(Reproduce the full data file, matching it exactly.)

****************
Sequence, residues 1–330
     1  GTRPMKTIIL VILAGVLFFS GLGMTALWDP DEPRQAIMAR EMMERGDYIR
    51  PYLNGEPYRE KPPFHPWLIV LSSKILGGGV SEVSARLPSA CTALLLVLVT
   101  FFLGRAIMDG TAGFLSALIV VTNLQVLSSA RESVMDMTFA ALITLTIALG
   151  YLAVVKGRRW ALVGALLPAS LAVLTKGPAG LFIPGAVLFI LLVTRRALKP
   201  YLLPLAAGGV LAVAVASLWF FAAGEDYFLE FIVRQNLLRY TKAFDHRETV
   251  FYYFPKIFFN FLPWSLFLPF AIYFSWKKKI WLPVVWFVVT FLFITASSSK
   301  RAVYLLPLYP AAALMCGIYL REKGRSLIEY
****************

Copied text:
Sequence, residues 1–330
     1  GTRPMKTIIL VILAGVLFFS GLGMTALWDP DEPRQAIMAR EMMERGDYIR
    51  PYLNGEPYRE KPPFHPWLIV LSSKILGGGV SEVSARLPSA CTALLLVLVT
   101  FFLGRAIMDG TAGFLSALIV VTNLQVLSSA RESVMDMTFA ALITLTIALG
   151  YLAVVKGRRW ALVGALLPAS LAVLTKGPAG LFIPGAVLFI LLVTRRALKP
   201  YLLPLAAGGV LAVAVASLWF FAAGEDYFLE FIVRQNLLRY TKAFDHRETV
   251  FYYFPKIFFN FLPWSLFLPF AIYFSWKKKI WLPVVWFVVT FLFITASSSK
   301  RAVYLLPLYP AAALMCGIYL REKGRSLIEY